- a worthless piece of cloth, especially one that is torn or worn.
- rags, ragged or tattered clothing: The tramp was dressed in rags.
- any article of apparel regarded deprecatingly or self-deprecatingly, especially a dress: It’s just an old rag I had in the closet.
- a shred, scrap, or fragmentary bit of anything.
- something of very low value or in very poor condition.
- a newspaper or magazine regarded with contempt or distaste: Are you still subscribing to that rag?
- a person of shabby or exhausted appearance.
- a large roofing slate that has one edge untrimmed.
- chew the rag. chew(def 11).
- from rags to riches, from extreme poverty to great wealth: He went from rags to riches in only three years.
- a small piece of cloth, such as one torn from a discarded garment, or such pieces of cloth collectively
- (as modifier)a rag doll; a rag book; rag paper
- a fragmentary piece of any material; scrap; shred
- informal a newspaper or other journal, esp one considered as worthless, sensational, etc
- informal an item of clothing
- informal a handkerchief
- British slang esp nautical a flag or ensign
- lose one’s rag to lose one’s temper suddenly
verb rags, ragging or ragged (tr)
- to draw attention facetiously and persistently to the shortcomings or alleged shortcomings of (a person)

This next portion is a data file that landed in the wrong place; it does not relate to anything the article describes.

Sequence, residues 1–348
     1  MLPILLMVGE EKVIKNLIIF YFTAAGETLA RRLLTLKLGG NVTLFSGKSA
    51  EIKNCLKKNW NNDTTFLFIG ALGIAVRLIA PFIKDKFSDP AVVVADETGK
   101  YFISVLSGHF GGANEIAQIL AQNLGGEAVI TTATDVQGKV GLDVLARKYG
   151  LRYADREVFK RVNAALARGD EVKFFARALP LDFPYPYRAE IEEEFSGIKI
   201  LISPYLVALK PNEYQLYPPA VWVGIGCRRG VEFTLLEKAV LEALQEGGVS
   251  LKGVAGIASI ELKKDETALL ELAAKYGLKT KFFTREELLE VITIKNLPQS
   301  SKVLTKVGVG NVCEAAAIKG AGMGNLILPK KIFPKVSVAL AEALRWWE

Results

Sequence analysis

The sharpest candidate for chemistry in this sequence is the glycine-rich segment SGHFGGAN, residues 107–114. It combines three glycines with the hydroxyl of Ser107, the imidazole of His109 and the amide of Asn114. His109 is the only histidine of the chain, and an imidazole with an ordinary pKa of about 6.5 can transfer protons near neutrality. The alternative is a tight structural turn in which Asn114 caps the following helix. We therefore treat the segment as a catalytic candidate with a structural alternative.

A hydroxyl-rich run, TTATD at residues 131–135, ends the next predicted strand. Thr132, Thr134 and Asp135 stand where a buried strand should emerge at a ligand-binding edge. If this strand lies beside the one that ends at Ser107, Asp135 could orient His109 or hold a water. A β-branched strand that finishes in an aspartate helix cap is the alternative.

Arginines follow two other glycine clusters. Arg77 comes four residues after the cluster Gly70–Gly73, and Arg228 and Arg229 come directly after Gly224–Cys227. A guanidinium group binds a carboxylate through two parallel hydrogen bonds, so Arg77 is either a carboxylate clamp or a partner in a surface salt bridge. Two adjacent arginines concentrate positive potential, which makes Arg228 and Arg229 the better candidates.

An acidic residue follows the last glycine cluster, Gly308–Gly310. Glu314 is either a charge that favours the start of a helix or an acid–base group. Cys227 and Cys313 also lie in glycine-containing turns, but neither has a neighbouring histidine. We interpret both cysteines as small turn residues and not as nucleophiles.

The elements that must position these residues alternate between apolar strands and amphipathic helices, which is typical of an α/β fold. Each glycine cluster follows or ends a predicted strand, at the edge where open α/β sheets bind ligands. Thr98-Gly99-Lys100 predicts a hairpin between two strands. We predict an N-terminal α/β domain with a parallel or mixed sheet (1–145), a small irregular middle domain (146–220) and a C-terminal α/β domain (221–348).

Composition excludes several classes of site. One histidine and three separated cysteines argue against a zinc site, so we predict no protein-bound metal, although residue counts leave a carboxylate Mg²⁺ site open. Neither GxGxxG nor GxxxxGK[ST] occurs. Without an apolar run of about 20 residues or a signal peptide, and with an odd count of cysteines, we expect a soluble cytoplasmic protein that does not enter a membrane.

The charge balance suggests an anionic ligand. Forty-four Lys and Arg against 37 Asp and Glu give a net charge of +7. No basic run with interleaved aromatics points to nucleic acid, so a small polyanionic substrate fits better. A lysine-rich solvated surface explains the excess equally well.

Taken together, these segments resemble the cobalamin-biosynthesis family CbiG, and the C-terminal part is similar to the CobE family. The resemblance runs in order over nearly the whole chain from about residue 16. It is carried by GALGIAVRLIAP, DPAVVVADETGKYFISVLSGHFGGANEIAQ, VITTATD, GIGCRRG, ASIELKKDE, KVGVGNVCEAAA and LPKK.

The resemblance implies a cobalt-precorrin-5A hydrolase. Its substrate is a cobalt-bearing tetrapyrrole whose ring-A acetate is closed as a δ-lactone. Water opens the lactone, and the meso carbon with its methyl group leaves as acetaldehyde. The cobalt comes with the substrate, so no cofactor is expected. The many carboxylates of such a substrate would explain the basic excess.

- British to play rough practical jokes on
- British a boisterous practical joke, esp one on a fellow student
- (in British universities)
- a period, usually a week, in which various events are organized to raise money for charity, including a procession of decorated floats and tableaux
- (as modifier)rag day
- a piece of ragtime music
verb rags, ragging or ragged
- (tr) to compose or perform in ragtime
- a roofing slate that is rough on one side
scrap of cloth, early 14c., probably from Old Norse rögg “shaggy tuft,” earlier raggw-, or possibly from Old Danish rag (see rug), or a back-formation from ragged, It also may represent an unrecorded Old English cognate of Old Norse rögg. Watkins traces the Old Norse word through Proto-Germanic *rawwa-, from PIE root *reue- “to smash, knock down, tear up, uproot” (see rough (adj.)).
As an insulting term for “newspaper, magazine” it dates from 1734; slang for “tampon, sanitary napkin” is attested from 1930s (on the rag “menstruating” is from 1948). Rags “personal clothing” is from 1855 (singular), American English. Rags-to-riches “rise from poverty to wealth” is attested by 1896. Rag-picker is from 1860; rag-shop from 1829.
“scold,” 1739, of unknown origin; perhaps related to Danish dialectal rag “grudge.” Related: Ragged; ragging. Cf. bullyrag, ballarag “intimidate” (1807).
From being poor to being wealthy, especially through one’s own efforts. For example, The invention catapulted the scientist from rags to riches. Horatio Alger (1834–1899) popularized this theme in some 130 best-selling novels, in which the hero, through hard work and thrift, pulled himself out of poverty to wealth and happiness.
In addition to the idiom beginning with rag
- rag doll
- chew the fat (rag)
- from rags to riches
- glad rags
- run ragged